26 February 2016
Snoquera Falls Loop, Chinook Pass, Mt. Rainier Region
4.1 miles, 700 ft. climb to 3100 ft. maximum elevation
Little Hiking Buddy and I went in search of another waterfall for Adventure Friday. Today we headed south to Snoquera Falls, just off Chinook Pass in the Mt. Rainier region. We haven’t been out this way since October when we were hunting for Melmont Ghost Town, particularly because it’s still a bit of a drive even under mild conditions; and I, myself, haven’t been back to Chinook Pass or Mt. Rainier since September. With weather forecasters pushing the arrival of the pending storm back to later in the evening, we hoped to enjoy a viewing of Mt. Rainier during our drive through Enumclaw – we were not disappointed.
After a long 75-minute drive through old farms and historic mining towns, we arrived at the trailhead just before 10 am. Snoquera Falls Loop Trail, which shares an entrance with the Boy Scouts of America’s Camp Sheppard, had only one other car in the snow-packed lot. The presence of winter on this sunny morning had me slightly worried about trail conditions. I packed an extra set of warm clothes for us both, as well as had us each put on an additional outer layer at the onset before heading into the forest. Of course, we ended up shedding every bit of unnecessary outerwear within minutes of embarking on our hike.
The initial trail weaved its way through the valley floor, in and out of tall trees that made LHB seem microscopic in comparison. We progressively climbed up the forested mountain along a beautifully maintained trail. With the exception of a few recently downed trees blocking our path, the short hike to the Falls was peaceful and relaxing. Spring was in the air today, as the sun warmed the bluebird skies to a lovely 56F degrees. The forest was alive as birds sang and squirrels bickered throughout the depths of the land.
Following long distances between three switchbacks, we heard the sounds of cascading water in the distance. We were finally nearing our picnic spot. Good thing, too, as LHB had already gobbled down most of her snacks, including my share of chocolate cherry oatmeal cookies. As we passed a clearing, we could see views of Sun Top Mountain immediately across the White River Valley to the west as well as Slide Mountain further south. Towering faces of sheer rock quickly replaced long lines of evergreen trunks once we exited the forest.
Within moments of coming into the rocky slope, we found ourselves in the presence of a powerful cataract streaming over the cliff above us. Snoquera Falls was very different from most all other cascades we have explored. This flow was completely bare and proudly on display to the world around rather than hidden deep in the forest to be discovered. As we approached the basin to find a place to seat ourselves, LHB noticed the lower set of flows that had split into a wider, yet softer outpouring of water from the top. One to many; hard to soft. We were privileged to witness all of it.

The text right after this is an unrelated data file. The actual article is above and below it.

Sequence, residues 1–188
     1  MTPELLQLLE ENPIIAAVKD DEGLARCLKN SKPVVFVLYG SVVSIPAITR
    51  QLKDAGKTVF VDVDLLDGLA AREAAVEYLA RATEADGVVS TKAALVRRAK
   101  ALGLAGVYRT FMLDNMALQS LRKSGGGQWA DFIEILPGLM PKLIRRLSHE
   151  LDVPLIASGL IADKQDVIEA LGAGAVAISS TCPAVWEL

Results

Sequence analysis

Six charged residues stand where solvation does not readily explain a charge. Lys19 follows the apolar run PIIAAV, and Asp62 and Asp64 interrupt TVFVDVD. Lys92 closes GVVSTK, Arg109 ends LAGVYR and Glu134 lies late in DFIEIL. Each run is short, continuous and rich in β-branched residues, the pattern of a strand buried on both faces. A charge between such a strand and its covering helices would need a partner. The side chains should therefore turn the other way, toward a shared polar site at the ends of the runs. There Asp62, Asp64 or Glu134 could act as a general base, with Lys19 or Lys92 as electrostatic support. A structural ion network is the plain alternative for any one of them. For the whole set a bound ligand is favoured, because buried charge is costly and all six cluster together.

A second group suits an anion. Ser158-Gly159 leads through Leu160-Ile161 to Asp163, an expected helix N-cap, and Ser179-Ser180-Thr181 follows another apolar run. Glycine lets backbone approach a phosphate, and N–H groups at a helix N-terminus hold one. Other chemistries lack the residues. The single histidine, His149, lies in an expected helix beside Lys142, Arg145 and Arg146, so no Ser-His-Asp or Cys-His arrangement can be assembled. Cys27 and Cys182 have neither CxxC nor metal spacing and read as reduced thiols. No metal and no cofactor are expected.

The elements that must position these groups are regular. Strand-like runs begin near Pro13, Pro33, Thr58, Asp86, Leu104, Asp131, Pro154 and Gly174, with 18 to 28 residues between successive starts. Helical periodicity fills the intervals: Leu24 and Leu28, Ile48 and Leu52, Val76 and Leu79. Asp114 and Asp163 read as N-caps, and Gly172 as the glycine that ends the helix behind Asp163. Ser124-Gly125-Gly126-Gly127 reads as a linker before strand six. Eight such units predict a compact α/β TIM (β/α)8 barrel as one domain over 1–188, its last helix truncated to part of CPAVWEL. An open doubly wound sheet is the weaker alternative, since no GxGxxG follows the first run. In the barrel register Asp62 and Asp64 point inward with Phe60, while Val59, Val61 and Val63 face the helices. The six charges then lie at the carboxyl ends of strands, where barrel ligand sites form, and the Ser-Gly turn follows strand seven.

As I unpacked our picnic and set up my stove, LHB decided to build a bridge for little critters to cross the basin without drowning. She found a number of broken branches and discarded pieces of trunk with which to proudly create her engineering feat. Meanwhile, I magically made us a hot lunch of macaroni and cheese as I poured boiling water into the dehydrated pasta concoction I ingeniously purchased the other day. We ate our meal under sunny skies while enraptured by the cascades towering above us. LHB and I couldn’t have asked for a better afternoon.
We finished stowing our belongings just as a couple of hikers approached. Although we crisscrossed paths with them during our return, they were the only other people we met on the trail. LHB wished the critters safe journey across her bridge before we safely waded through the watery, yet rocky basin past the Falls. Unlike the forested path in which we arrived, the initial descent of the Loop Trail took us through incredibly dry and rugged terrain. The narrow trail on this side of the Falls was filled with loose scree, elk droppings and felled trees throughout the countless switchbacks. I was impressed by LHB’s sense of balance and understanding of herself in this environment. She used roots like rope to anchor herself as she traversed slippery stones beneath her feet, as well as pulled against edges of secure boulders like little handholds for her to climb down steep slopes. Hmm, maybe she is learning something afterall in those weekly climbing classes…
After a little over a mile on this exposed section of the Loop Trail, we took our final major switchback and headed into the forest once again. The remainder of the trail was much like the path we took en route to the Falls. Here, sunlight flickered through the tall trees as we walked along a smoother and wider floor of subtle rock mixed with packed dirt. Although LHB had discoverable moments to touch and feel the nature around her, our limited time didn’t allow us, unfortunately, to explore the landscape as much as I would have liked. Big Hiking Buddy would be done with school shortly, and we had quite a distance to drive before making our way to her. We rapidly hiked through the valley floor, past the cabins and fields of Camp Sheppard, towards the parking lot. As soon as LHB saw our car, she shouted in relief and ran towards it. I guess I finally wore her out. She ended up napping on the drive back, but not before sighting her first herd of elk along the roadside. I would say she had a very fulfilling day.